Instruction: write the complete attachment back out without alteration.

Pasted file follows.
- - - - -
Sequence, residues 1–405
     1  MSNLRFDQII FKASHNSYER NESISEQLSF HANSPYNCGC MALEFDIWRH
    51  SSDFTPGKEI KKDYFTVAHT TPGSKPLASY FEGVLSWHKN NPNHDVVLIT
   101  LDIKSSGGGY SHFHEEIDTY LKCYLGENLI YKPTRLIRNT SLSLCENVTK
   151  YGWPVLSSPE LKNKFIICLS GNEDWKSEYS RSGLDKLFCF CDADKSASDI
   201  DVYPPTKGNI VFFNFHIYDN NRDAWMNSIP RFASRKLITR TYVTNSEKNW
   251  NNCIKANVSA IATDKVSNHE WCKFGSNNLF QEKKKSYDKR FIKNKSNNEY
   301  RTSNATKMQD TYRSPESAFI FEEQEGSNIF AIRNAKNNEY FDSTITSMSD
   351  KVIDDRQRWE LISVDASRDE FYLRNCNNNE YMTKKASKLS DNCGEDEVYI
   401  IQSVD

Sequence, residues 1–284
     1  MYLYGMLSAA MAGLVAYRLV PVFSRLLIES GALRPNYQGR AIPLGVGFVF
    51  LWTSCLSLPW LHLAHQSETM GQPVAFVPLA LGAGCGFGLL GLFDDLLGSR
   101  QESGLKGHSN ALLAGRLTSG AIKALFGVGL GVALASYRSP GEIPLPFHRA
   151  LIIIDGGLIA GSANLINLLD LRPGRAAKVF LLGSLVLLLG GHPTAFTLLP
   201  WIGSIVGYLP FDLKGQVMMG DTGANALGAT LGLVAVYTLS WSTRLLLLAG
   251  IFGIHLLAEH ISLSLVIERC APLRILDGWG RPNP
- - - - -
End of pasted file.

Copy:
Sequence, residues 1–405
     1  MSNLRFDQII FKASHNSYER NESISEQLSF HANSPYNCGC MALEFDIWRH
    51  SSDFTPGKEI KKDYFTVAHT TPGSKPLASY FEGVLSWHKN NPNHDVVLIT
   101  LDIKSSGGGY SHFHEEIDTY LKCYLGENLI YKPTRLIRNT SLSLCENVTK
   151  YGWPVLSSPE LKNKFIICLS GNEDWKSEYS RSGLDKLFCF CDADKSASDI
   201  DVYPPTKGNI VFFNFHIYDN NRDAWMNSIP RFASRKLITR TYVTNSEKNW
   251  NNCIKANVSA IATDKVSNHE WCKFGSNNLF QEKKKSYDKR FIKNKSNNEY
   301  RTSNATKMQD TYRSPESAFI FEEQEGSNIF AIRNAKNNEY FDSTITSMSD
   351  KVIDDRQRWE LISVDASRDE FYLRNCNNNE YMTKKASKLS DNCGEDEVYI
   401  IQSVD

Sequence, residues 1–284
     1  MYLYGMLSAA MAGLVAYRLV PVFSRLLIES GALRPNYQGR AIPLGVGFVF
    51  LWTSCLSLPW LHLAHQSETM GQPVAFVPLA LGAGCGFGLL GLFDDLLGSR
   101  QESGLKGHSN ALLAGRLTSG AIKALFGVGL GVALASYRSP GEIPLPFHRA
   151  LIIIDGGLIA GSANLINLLD LRPGRAAKVF LLGSLVLLLG GHPTAFTLLP
   201  WIGSIVGYLP FDLKGQVMMG DTGANALGAT LGLVAVYTLS WSTRLLLLAG
   251  IFGIHLLAEH ISLSLVIERC APLRILDGWG RPNP